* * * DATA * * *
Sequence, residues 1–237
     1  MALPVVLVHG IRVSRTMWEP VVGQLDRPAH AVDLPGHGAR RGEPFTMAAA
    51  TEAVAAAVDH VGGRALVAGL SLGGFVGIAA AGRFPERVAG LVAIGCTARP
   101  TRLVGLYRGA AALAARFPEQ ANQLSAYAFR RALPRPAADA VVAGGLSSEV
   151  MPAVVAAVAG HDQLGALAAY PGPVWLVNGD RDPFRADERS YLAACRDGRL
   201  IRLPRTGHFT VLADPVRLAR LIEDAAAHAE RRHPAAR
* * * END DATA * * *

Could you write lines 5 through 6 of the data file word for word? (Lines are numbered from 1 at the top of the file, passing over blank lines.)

   151  MPAVVAAVAG HDQLGALAAY PGPVWLVNGD RDPFRADERS YLAACRDGRL
   201  IRLPRTGHFT VLADPVRLAR LIEDAAAHAE RRHPAAR